But because Simmons’ proposal applies to classes of people that aren’t already protected in federal or state law, opponents said it could go further than just pulling back those protections for transgender residents and extend to protections enacted by some of the state’s biggest cities to cover residents based on age, sexual orientation and veteran status.

While Simmons denied that his legislation would have that effect, El Paso County Commissioner David Stout warned the committee that the bill could in fact undo protections for classes of people covered by expanded local policies.

“Currently, federal law does not provide for protection from discrimination on the basis of veteran status, familial status, marital status, sexual orientation or gender identity, and this bill puts all of those classes of people in danger but especially our constituents in the LGBTQ community,” Stout told the committee.

You know the drill by now, so go read the rest. I actually agree in a sense with Rep. Simmons that non-discrimination should be seen as a state issue, but only if by that one means that the state should have a robust non-discrimination law in place to ensure that people in Austin and Alice and Abilene and Arlington and Angleton and everywhere else is treated as a full and equal person. Until such time as the state is willing to do that, then the next best thing is for individual cities to do what they can to pick up the slack. That’s not what HB2899 is about, and as such it deserves no more respect or support than the properly reviled SB6. The bill was left pending in committee, and that’s where it should stay. The Statesman, the Texas Observer, and the Dallas Observer have more.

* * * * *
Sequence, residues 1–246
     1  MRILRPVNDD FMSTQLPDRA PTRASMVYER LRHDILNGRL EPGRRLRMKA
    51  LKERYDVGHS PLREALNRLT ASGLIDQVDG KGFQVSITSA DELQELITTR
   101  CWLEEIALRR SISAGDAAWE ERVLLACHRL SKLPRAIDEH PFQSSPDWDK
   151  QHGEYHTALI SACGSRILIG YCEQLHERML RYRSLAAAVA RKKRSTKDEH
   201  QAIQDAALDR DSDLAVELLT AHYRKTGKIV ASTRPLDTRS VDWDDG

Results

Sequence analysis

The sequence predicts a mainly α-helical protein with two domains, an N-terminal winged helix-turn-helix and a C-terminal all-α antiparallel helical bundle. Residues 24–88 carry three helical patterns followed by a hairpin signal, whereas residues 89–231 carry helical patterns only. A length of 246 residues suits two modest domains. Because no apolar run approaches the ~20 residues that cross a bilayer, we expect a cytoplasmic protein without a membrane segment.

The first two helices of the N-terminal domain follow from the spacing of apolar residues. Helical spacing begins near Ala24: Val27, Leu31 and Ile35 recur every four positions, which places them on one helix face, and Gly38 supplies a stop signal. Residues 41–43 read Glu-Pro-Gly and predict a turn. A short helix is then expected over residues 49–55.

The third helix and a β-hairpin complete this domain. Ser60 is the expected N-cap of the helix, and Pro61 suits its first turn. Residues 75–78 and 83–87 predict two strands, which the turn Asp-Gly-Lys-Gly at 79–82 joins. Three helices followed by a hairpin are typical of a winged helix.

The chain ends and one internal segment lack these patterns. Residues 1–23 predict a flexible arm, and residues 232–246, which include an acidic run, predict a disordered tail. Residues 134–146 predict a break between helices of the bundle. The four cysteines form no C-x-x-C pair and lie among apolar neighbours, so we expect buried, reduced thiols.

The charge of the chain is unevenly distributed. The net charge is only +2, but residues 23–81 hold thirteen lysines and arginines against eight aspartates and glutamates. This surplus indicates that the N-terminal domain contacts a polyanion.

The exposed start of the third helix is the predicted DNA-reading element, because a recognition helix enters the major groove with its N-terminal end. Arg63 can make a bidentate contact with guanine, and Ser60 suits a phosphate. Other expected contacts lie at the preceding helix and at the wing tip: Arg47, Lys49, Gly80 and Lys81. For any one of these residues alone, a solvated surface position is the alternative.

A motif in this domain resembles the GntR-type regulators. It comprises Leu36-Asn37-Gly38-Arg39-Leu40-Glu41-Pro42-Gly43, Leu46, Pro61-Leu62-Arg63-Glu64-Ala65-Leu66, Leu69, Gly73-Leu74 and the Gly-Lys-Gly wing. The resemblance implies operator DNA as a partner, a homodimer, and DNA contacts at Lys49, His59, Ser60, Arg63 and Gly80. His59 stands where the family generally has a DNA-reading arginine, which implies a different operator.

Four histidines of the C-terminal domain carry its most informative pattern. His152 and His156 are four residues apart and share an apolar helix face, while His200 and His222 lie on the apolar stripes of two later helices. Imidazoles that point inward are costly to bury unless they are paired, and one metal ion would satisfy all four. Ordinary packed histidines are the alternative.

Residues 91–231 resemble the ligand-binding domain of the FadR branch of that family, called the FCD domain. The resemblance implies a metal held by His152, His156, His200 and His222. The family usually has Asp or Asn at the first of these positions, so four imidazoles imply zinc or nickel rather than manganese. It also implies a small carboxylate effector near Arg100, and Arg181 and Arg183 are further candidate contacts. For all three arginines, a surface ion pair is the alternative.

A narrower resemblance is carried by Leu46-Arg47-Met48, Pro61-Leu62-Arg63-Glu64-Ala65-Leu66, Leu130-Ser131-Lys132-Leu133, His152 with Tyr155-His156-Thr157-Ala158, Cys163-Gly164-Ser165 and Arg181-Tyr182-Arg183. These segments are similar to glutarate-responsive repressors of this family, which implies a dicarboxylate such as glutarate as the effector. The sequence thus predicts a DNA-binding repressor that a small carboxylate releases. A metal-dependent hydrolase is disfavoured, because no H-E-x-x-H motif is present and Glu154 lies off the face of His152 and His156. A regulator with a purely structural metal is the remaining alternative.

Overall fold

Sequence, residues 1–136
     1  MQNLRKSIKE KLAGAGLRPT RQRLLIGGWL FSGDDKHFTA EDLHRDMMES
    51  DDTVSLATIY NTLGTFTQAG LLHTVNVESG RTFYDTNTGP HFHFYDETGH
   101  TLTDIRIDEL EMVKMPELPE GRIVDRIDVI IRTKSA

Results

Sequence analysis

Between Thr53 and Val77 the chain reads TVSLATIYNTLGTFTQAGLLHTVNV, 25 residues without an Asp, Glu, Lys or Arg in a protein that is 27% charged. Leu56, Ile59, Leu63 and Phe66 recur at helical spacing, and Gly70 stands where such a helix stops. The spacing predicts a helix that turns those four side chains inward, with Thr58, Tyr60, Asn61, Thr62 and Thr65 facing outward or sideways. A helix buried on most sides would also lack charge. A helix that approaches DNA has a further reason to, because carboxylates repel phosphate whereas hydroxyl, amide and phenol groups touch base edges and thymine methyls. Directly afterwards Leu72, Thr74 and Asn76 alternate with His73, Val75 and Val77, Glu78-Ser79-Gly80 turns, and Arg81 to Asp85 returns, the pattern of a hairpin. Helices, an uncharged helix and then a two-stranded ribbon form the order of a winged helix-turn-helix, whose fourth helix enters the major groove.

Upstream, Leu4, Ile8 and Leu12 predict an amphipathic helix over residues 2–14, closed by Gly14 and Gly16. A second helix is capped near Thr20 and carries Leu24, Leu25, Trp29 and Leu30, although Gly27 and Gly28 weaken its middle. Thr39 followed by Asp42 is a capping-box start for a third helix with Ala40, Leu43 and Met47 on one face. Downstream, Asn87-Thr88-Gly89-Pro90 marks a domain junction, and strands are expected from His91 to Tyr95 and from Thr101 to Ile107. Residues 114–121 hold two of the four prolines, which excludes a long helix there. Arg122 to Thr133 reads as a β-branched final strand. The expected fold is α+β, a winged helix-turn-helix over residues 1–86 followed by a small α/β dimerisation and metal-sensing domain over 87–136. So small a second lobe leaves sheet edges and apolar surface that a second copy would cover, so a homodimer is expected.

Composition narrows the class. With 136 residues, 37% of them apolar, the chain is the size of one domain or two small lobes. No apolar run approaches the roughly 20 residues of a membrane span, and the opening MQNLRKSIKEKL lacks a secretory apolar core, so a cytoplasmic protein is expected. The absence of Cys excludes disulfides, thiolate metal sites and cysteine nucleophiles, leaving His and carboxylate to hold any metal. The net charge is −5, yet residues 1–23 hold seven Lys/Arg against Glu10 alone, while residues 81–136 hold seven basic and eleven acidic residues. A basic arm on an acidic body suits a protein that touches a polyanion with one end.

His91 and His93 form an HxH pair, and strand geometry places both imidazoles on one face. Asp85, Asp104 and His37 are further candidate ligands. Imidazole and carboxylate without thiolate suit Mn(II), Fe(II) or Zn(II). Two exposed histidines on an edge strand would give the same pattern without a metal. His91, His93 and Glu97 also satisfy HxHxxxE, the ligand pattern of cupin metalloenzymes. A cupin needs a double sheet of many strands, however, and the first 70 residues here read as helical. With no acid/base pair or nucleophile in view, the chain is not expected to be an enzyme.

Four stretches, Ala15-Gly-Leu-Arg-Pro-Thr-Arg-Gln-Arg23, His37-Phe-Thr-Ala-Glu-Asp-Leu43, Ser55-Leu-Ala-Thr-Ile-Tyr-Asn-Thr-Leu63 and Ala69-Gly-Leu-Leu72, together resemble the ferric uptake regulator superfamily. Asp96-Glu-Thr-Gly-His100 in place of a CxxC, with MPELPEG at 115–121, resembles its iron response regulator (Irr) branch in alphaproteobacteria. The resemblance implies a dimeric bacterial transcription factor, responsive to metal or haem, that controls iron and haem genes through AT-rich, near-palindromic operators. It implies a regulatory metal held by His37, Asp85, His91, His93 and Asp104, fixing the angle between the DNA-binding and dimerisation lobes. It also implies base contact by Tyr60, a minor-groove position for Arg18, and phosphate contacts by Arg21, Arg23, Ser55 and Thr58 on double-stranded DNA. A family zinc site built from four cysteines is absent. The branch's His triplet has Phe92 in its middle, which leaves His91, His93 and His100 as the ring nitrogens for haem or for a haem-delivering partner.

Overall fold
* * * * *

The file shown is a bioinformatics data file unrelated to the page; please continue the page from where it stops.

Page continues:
House passes statewide rideshare bill

Made it farther than it did last session.

Rep. Chris Paddie

After a lengthy debate among lawmakers over the best way to regulate services like Uber and Lyft, the Texas House backed a proposal that would override local regulations concerning ride-hailing companies.

House Bill 100, by state Rep. Chris Paddie, R-Marshall, would establish a statewide framework to regulate ride-hailing companies and undo local rules that the two companies have argued are overly burdensome for their business models. Cities enacting such rules say those regulations bring a needed layer of security.